But in a classic case of intent versus impact, airlines started including these routes for compliance rather than for connectivity as such most airlines included routes to Srinagar, Jammu, Guwahati and Bagdogra in their network that had higher demand.
Further, the structure of the networks was adjusted to ensure compliance.
When this did not quite work, the government in 2016 launched the regional connectivity scheme named the local connectivity scheme (popularly called the UDAN scheme).
A focused supply side initiative and the goal were to entice airlines to fly un-served and underserved routes via economic incentives. These included a reduction of charges and also cash subsidies for a portion of seats on the aircraft. The cash was generated from levies on passengers flying on core routes mostly between metro cities.
Put simply, it incentivised airlines to fly to unserved and underserved airports to connect all parts of the country. Yet, three years on and four airline failures later, the scheme is about to run out of funds.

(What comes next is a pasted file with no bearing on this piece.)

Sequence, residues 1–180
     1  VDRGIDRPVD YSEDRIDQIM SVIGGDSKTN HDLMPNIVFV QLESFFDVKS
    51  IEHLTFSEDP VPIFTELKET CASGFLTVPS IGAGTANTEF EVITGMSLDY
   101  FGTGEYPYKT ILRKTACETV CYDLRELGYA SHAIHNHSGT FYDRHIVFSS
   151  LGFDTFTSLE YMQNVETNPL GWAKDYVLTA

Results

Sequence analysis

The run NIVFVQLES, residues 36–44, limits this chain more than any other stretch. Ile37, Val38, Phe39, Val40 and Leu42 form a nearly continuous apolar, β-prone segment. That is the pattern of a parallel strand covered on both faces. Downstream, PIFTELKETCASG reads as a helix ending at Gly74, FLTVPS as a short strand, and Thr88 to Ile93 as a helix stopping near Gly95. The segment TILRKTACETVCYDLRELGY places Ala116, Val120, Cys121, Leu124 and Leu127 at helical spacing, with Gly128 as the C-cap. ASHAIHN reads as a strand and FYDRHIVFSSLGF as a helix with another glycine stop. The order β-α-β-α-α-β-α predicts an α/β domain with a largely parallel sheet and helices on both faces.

In the four iterations of the regional connectivity (UDAN) scheme, UDAN1 did not see any routes in the North East; UDAN2 saw Tezpur, Jorhat, Lilabari and Pakyong being connected (Tezpur and Pakyong operations have since ceased); UDAN 3 saw Lilabari, Guwahati, Imphal and Dimapur routes flown but all are loss-making; and UDAN4 has now seen six airports from the North East listed as priority areas with an additional 23 airports that are unserved in the area. Several airlines have attempted to start in the North East without much success.
It is worth repeating that to address this issue; stakeholders have to look beyond subsidies and attack structural challenges.
While a comprehensive list is very exhaustive, the critical ones include:
With current business models, traffic is the lifeblood of revenue generation. Thus smaller traffic volumes effectively mean that any airline venture focused on smaller cities in the North East will likely be challenged on cash-flow. Add to this woefully inadequate capitalisation, challenges with planning and operational hurdles.
Together these make for an extremely turbulent ride and low returns on capital. Yet strategic avenues geared at developing traffic, tourist footfalls and connectivity, remain unexplored.
Aircraft Types And Fit For Purpose
Connecting the North East requires aircraft that are fit for purpose. That is, a suitable aircraft that match the mission profile, routes to be flown and operational conditions.